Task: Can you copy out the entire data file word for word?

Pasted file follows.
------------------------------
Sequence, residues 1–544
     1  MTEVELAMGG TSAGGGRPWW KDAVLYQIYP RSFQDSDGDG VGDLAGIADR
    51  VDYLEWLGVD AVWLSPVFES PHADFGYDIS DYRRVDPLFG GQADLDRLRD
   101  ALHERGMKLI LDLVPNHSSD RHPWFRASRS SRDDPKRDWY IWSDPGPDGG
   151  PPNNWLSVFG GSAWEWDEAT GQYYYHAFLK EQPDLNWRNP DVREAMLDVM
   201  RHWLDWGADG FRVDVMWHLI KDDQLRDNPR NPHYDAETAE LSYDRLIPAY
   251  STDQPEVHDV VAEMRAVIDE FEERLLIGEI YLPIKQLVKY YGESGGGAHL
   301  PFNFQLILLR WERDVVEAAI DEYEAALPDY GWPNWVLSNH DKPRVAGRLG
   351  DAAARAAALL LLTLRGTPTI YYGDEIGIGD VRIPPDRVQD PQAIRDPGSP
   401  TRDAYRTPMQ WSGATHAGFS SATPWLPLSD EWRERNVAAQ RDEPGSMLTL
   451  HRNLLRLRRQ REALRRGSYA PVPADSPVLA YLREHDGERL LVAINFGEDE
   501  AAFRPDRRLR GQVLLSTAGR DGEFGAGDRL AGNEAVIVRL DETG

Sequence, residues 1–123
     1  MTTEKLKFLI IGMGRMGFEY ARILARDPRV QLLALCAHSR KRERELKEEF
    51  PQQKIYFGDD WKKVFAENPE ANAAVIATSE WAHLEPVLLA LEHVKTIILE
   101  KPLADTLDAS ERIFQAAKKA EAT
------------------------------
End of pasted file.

Sequence, residues 1–544
     1  MTEVELAMGG TSAGGGRPWW KDAVLYQIYP RSFQDSDGDG VGDLAGIADR
    51  VDYLEWLGVD AVWLSPVFES PHADFGYDIS DYRRVDPLFG GQADLDRLRD
   101  ALHERGMKLI LDLVPNHSSD RHPWFRASRS SRDDPKRDWY IWSDPGPDGG
   151  PPNNWLSVFG GSAWEWDEAT GQYYYHAFLK EQPDLNWRNP DVREAMLDVM
   201  RHWLDWGADG FRVDVMWHLI KDDQLRDNPR NPHYDAETAE LSYDRLIPAY
   251  STDQPEVHDV VAEMRAVIDE FEERLLIGEI YLPIKQLVKY YGESGGGAHL
   301  PFNFQLILLR WERDVVEAAI DEYEAALPDY GWPNWVLSNH DKPRVAGRLG
   351  DAAARAAALL LLTLRGTPTI YYGDEIGIGD VRIPPDRVQD PQAIRDPGSP
   401  TRDAYRTPMQ WSGATHAGFS SATPWLPLSD EWRERNVAAQ RDEPGSMLTL
   451  HRNLLRLRRQ REALRRGSYA PVPADSPVLA YLREHDGERL LVAINFGEDE
   501  AAFRPDRRLR GQVLLSTAGR DGEFGAGDRL AGNEAVIVRL DETG

Sequence, residues 1–123
     1  MTTEKLKFLI IGMGRMGFEY ARILARDPRV QLLALCAHSR KRERELKEEF
    51  PQQKIYFGDD WKKVFAENPE ANAAVIATSE WAHLEPVLLA LEHVKTIILE
   101  KPLADTLDAS ERIFQAAKKA EAT